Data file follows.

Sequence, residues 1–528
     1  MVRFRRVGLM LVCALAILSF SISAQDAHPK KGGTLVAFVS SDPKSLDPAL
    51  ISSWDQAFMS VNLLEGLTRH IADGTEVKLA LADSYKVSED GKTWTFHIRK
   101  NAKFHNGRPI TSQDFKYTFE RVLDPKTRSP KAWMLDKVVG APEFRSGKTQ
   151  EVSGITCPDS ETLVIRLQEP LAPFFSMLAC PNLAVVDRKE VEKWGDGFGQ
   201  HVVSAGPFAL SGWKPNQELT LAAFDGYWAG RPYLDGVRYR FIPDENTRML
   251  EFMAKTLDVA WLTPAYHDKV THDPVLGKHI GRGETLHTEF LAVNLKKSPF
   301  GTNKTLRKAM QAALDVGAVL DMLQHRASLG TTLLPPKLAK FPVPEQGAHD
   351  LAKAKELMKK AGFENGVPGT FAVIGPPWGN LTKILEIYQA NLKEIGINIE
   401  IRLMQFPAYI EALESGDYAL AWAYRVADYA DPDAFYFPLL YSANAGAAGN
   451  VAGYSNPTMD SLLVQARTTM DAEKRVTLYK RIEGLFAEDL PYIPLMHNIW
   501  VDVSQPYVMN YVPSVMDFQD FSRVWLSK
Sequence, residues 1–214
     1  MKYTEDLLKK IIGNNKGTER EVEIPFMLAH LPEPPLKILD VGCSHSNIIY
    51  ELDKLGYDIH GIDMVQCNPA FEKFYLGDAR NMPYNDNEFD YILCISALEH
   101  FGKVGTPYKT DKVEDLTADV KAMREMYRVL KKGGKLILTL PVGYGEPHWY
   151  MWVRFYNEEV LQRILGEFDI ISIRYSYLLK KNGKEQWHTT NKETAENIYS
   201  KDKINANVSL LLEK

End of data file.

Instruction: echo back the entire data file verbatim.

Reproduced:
Sequence, residues 1–528
     1  MVRFRRVGLM LVCALAILSF SISAQDAHPK KGGTLVAFVS SDPKSLDPAL
    51  ISSWDQAFMS VNLLEGLTRH IADGTEVKLA LADSYKVSED GKTWTFHIRK
   101  NAKFHNGRPI TSQDFKYTFE RVLDPKTRSP KAWMLDKVVG APEFRSGKTQ
   151  EVSGITCPDS ETLVIRLQEP LAPFFSMLAC PNLAVVDRKE VEKWGDGFGQ
   201  HVVSAGPFAL SGWKPNQELT LAAFDGYWAG RPYLDGVRYR FIPDENTRML
   251  EFMAKTLDVA WLTPAYHDKV THDPVLGKHI GRGETLHTEF LAVNLKKSPF
   301  GTNKTLRKAM QAALDVGAVL DMLQHRASLG TTLLPPKLAK FPVPEQGAHD
   351  LAKAKELMKK AGFENGVPGT FAVIGPPWGN LTKILEIYQA NLKEIGINIE
   401  IRLMQFPAYI EALESGDYAL AWAYRVADYA DPDAFYFPLL YSANAGAAGN
   451  VAGYSNPTMD SLLVQARTTM DAEKRVTLYK RIEGLFAEDL PYIPLMHNIW
   501  VDVSQPYVMN YVPSVMDFQD FSRVWLSK
Sequence, residues 1–214
     1  MKYTEDLLKK IIGNNKGTER EVEIPFMLAH LPEPPLKILD VGCSHSNIIY
    51  ELDKLGYDIH GIDMVQCNPA FEKFYLGDAR NMPYNDNEFD YILCISALEH
   101  FGKVGTPYKT DKVEDLTADV KAMREMYRVL KKGGKLILTL PVGYGEPHWY
   151  MWVRFYNEEV LQRILGEFDI ISIRYSYLLK KNGKEQWHTT NKETAENIYS
   201  KDKINANVSL LLEK